Academic journal article College Composition and Communication

A Principled Uncertainty: Writing Studies Methods in Contexts of Indigeneity

Academic journal article College Composition and Communication

A Principled Uncertainty: Writing Studies Methods in Contexts of Indigeneity

Article excerpt

Some of our old people, they were the storytellers in our community and they were also the educators.... We think of old people as being our archives, our museum. They were our university. They were the people who were the keepers of everything in our community.

Maria Campbell (qtd. in Gardner)

Critical challenges to the history of rhetoric have brought with them challenges to the methods with which we study written and spoken texts. Scholars of Indigenous rhetorics question well-trodden methodological paths and invite us to consider how, since Native rhetorical knowledge resides within communities, rhetorical study can be responsive to the values ofthe communities in which it is undertaken. Researchers discuss how they negotiate their relations to both the Indigenous and research communities with which and from within which they work. Some question the very premises on which alphabetic writing and print have been privileged over alternative literacies, exploring in detail how Indigenous knowledges and alternative textualities-syllabaries, pictographic systems, khipu chords, wampum belts, sandpainting, basket weaving, or pottery design (Boone and Mignolo; Haas; Bross and Wyss; Cushman; Driskill)-find a place in mainstream rhetorical discussion.

The discussion here follows in this effort to place Indigenous perspectives more prominently in rhetorical studies and focuses in particular on how Indigeneity as a critical concept creates methodological concerns for those who research and teach genres of student writing in the academy.1 Our use of the term genre is founded upon the tradition of rhetorical genre scholarship notably advanced by Carolyn R. Millers 1984 article, and shaped and solidified through the concept of uptake (Freadman; Thieme; Emmons; Reiff and Bawarshi) and the study of activity theory (Russell, "Rethinking"; Spinuzzi). To take such an approach to genre is to say that texts are not objectified as stable forms but rather are contextualized within social communities of practice. F ormal elements of texts can be understood only with recourse to the situational contexts in which they are spoken or written-and heard or read-by thinking and feeling members of social groups with collective memories and habituated practices.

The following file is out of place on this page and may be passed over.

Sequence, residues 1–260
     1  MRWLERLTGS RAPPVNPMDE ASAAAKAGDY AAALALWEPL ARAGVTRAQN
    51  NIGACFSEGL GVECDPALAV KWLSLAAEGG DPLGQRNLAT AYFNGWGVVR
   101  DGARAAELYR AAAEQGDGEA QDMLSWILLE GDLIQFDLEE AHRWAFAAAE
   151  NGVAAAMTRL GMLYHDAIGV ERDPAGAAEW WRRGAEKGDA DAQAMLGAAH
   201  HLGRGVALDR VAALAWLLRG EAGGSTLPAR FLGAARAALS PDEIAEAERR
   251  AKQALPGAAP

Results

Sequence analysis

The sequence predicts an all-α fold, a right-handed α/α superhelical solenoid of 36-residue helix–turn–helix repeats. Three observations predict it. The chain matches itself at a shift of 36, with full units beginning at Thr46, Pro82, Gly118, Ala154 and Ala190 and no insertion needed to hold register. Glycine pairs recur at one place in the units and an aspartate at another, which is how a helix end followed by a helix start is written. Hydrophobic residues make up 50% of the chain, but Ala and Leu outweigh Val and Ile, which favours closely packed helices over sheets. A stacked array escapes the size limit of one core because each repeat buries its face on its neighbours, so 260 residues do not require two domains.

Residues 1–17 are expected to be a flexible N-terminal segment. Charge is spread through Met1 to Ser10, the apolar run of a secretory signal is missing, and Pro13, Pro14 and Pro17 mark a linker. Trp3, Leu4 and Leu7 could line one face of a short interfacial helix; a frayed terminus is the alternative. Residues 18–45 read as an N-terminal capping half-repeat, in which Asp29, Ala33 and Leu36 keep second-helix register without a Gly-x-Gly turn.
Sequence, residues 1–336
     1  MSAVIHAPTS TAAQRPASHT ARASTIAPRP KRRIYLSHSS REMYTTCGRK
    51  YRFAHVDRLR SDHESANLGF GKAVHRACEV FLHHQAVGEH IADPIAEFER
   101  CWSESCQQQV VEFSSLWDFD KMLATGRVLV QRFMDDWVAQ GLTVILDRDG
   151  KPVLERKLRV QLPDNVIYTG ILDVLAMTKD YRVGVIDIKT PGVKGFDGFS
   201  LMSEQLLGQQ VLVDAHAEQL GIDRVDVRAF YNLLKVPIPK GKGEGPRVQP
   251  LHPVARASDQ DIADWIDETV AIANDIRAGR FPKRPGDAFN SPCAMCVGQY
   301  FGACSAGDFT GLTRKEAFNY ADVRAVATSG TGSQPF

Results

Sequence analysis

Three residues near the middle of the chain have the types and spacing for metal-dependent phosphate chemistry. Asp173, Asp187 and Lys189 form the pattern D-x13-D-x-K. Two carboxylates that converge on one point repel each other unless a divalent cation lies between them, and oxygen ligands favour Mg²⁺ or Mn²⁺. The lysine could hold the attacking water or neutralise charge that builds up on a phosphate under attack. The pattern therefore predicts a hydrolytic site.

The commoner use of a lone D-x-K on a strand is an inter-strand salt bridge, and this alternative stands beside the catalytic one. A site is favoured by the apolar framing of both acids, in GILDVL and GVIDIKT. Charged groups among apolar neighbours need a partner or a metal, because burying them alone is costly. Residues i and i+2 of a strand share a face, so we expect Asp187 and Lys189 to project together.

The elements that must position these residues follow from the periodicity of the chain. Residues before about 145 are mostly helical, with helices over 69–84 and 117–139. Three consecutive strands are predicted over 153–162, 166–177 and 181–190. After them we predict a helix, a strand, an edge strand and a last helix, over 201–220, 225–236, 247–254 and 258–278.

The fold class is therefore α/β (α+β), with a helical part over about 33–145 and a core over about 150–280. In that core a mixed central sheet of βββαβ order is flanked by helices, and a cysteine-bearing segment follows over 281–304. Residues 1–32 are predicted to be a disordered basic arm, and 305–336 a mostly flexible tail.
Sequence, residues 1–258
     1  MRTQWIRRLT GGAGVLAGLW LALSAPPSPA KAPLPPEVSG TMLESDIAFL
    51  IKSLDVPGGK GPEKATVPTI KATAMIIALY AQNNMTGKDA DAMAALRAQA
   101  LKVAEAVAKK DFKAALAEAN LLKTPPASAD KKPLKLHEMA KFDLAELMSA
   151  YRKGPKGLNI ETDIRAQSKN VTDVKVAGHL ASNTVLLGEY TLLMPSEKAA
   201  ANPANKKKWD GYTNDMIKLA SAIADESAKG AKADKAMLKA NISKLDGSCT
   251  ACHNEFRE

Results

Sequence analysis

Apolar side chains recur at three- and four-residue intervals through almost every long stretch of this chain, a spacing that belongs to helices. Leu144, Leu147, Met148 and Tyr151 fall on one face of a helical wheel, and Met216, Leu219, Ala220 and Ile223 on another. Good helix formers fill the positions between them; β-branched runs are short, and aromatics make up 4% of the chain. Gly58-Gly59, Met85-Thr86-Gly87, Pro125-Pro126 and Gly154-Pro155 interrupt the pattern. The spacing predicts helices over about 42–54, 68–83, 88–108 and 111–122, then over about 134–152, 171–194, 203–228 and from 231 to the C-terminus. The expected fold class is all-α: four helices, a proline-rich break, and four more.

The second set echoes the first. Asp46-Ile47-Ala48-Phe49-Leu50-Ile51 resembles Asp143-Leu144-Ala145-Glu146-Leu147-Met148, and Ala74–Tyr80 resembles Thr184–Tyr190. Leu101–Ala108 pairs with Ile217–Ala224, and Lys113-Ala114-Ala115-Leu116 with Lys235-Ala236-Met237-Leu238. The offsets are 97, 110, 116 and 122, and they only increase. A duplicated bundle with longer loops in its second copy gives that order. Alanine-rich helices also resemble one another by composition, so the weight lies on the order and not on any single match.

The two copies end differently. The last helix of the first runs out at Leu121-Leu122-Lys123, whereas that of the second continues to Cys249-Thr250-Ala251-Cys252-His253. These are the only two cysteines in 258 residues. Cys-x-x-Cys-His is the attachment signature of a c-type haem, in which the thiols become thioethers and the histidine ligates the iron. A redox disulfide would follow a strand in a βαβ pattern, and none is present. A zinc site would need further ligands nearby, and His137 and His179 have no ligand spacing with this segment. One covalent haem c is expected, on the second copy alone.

Genre theorists who study questions of diversity in academic writing describe genres as flexible resources (Devitt) and "dynamic rhetorical forms" (Berkenkotter and Huckin) that respond to sociopolitical and other changes in rhetorical situations. We argue that so, too, are methods and their descriptions. Given the questions that scholars of Indigenous rhetorics pose, it is necessary to explore how the very methods of writing studies are challenged by Indigenous rhetorics, protocols, and epistemologies. Thus, while scholars have begun to weigh in on how Indigeneity and Indigenous rhetorics might inform our teaching and research (Villanueva, "Maybe"; Jarratt; Lyons, "Rhetorical"; King, Gubele, and Anderson), scholarship has yet to reflect, as we do below, on how writing studies methods themselves respond rhetorically to such situations.

This article investigates our process of developing a method for a study of writing in Indigenous studies courses in light of the role of power in reproducing established methods. The data for this project consist of instructors' reflections, solicited in discourse-based interviews, on changes they made to pedagogical genres as a response to their own decolonization efforts or to institutional mandates for Indigenization. We present this data to illustrate the tensions in our project between established methods in the field of writing studies and critical questions raised in discussions on Indigenous methodology. We argue that method choices and descriptions bear some similarity to genre choices, particularly in the way that genre has been theorized in rhetorical studies as part of recurring patterns of activity. It is useful to think about these similarities between method descriptions and rhetorical analyses of genre because they allow us to see method's role in the reproduction of existing activity systems and existing power relations. …

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